“‘My people have committed two sins: they have forsaken me [God], the spring of living water, and have dug their own cisterns, broken cisterns that cannot hold water.’”
God raised up Jeremiah, the weeping prophet, who in his grief prophesied judgement against the people for turning from God, the source of their strength and their identity, and turning, instead to their own strength, a strength which failed them time after time.
Act 5: Zedekiah and the Razing of the Temple (pp. 241-245)
“On the seventh day of the fifth month, in the nineteenth year of Nebuchadnezzar king of Babylon, Nebuzaran … came to Jerusalem. He set fire to the temple of the LORD, the royal palace and all the houses of Jerusalem. … [Nebuzaran] carried into exile the people who remained in the city, along with the rest of the population ….”
And that was the end of Judah. Its lands were overrun, all of its people—except for the poorest who were left to tend to the crops and vineyards—were taken to Babylon. Its capital was razed to the ground, and the most holy place, the temple that Solomon built as a place of worship to God, was a smoking ruin. All that was the visible identity of the people of God was gone and the land was virtually uninhabited.
But Jeremiah, while recognizing the horrible state of affairs, could already begin to speak of hope when he said, “Because of the LORD’s great love we are not consumed, for his compassions never fail.”
Act 6: The Promise (pp. 245-247)
“‘I [God] will sprinkle clean water on you, and you will be clean; I will cleanse you from all your impurities and from all your Idols. I will give you a new heart and put a new spirit in you; I will remove from you your heart of stone and give you a heart of flesh.’”
Somehow, in the midst of ruin, God was still calling out to his people through the mouths and in the writings of his prophets Jeremiah and Ezekiel. Despite the fact that the people of God would never again rule their own sovereign nation, God promised that he would do a new thing in them. He would restore them to be a nation with him as their King. But the fulfillment of that promise was still 600 years away.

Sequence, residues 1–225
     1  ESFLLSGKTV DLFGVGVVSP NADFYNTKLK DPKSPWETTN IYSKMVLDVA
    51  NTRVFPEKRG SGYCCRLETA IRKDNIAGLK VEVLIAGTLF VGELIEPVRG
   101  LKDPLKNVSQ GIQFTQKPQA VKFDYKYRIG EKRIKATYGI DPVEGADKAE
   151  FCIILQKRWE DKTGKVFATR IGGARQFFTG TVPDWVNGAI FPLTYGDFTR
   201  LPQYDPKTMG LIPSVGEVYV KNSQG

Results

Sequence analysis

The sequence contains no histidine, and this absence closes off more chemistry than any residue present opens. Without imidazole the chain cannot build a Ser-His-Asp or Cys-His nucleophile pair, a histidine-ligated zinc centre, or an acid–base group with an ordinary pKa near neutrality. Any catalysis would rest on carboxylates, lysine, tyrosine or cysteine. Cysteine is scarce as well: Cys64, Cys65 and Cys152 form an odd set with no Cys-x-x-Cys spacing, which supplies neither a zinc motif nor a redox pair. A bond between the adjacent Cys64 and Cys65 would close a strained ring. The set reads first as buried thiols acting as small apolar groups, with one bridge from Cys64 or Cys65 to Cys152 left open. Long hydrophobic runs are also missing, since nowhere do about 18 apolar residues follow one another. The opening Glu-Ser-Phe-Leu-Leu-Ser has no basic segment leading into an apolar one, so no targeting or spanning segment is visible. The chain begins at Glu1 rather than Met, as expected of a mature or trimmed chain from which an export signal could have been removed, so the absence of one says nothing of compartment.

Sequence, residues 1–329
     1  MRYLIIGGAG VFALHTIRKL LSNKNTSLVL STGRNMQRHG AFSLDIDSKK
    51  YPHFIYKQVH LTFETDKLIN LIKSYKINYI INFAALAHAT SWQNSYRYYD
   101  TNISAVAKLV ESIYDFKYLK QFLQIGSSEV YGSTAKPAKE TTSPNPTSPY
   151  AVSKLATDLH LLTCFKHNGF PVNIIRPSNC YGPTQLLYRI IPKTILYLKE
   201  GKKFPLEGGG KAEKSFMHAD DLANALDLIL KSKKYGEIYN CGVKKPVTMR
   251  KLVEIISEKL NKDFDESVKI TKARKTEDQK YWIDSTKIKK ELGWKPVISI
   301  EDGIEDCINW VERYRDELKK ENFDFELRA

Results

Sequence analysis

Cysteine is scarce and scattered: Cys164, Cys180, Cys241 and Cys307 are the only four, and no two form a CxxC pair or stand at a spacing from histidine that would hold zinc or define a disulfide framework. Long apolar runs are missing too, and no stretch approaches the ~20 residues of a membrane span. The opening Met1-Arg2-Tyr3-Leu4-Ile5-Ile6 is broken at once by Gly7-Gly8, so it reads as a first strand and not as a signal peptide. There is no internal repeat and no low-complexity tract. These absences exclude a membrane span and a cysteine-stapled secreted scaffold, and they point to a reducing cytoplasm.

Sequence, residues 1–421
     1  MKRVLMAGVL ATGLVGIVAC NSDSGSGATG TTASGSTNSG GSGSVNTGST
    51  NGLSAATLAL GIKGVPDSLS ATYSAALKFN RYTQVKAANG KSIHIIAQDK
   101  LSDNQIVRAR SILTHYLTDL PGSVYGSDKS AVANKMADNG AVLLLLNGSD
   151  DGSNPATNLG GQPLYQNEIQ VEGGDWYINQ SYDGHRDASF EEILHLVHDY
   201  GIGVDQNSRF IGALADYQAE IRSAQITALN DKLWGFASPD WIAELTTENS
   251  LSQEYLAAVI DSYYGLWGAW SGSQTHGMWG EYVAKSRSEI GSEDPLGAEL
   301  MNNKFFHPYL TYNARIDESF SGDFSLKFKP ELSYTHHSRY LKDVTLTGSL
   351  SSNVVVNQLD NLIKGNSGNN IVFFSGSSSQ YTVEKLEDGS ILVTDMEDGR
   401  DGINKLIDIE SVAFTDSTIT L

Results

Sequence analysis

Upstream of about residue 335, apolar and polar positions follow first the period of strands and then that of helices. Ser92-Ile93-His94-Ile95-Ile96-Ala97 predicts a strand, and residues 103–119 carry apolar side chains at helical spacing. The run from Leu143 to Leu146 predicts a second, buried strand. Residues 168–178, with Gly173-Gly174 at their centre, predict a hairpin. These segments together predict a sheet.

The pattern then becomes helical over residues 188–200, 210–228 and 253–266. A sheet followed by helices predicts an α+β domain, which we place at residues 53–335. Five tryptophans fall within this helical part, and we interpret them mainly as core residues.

Looking back at the story of Manasseh, his descendants, and the prophesies of Jeremiah and Ezekiel, we see the effect of disobedience and we also see how much God’s active involvement in the nation of Israel/Judah kept them safe, for when he withdrew his hand, the nations of Assyria and Babylon easily overran first Israel and then Judah. But we also see how God never stopped chasing after his people, first calling them back and finally promising that no matter how difficult things became, he would restore them.
Q1: What was the final result of the disobedience of the kings of Judah and the people who followed them?
The prophecies of Jeremiah and Ezekiel are profound and speak of promise.
Q2: To whom are the prophecies/promises of Jeremiah and Ezekiel written?
Q3: What do the prophecies promise?
Some people say, “These promises are for us but they are not to us.”
Q4: Is there a danger in assuming that certain promises and prophecies in the Old Testament are written to us? What are those dangers?
It is often difficult to reconcile a God of infinite patience with a God of judgment. But in this chapter we see the effects, not of God’s lack of patience, but of his withdrawal of protection to let his people experience the natural consequences of their sin. And we experience the same thing in our lives: while God will always forgive us, there are often consequences of our sin that he will not simply wipe away.
Q1: Have you ever called on God to reverse the consequences of a situation you ended up in because of your sin or bad judgement? What was the result?
Q2: What would you say to a follower of Jesus who has committed a crime? How do you separate the spiritual consequences (or forgiveness) from the natural consequences?
A man came to his pastor and asked, “I am thinking of cheating on my wife. Does God have the grace to forgive me if I do such a thing?” The pastor paused and answered, “Yes, but it is likely that you will not ask him to forgive you.”
Q3: What are the dangers in knowingly choosing to sin? Does God forgive you if you “do evil in the eyes of the LORD”?
Q4: Restoration from sin is always possible but is most times difficult. If you are comfortable in sharing your story of forgiveness and restoration, do so.
God wants us to follow him, to be devoted to him. But even when we do not, he is always In the business of forgiveness and restoration. If you have specific needs in this area, have your group pray for you. You do not have to name your sin to the group but some find that this is helpful.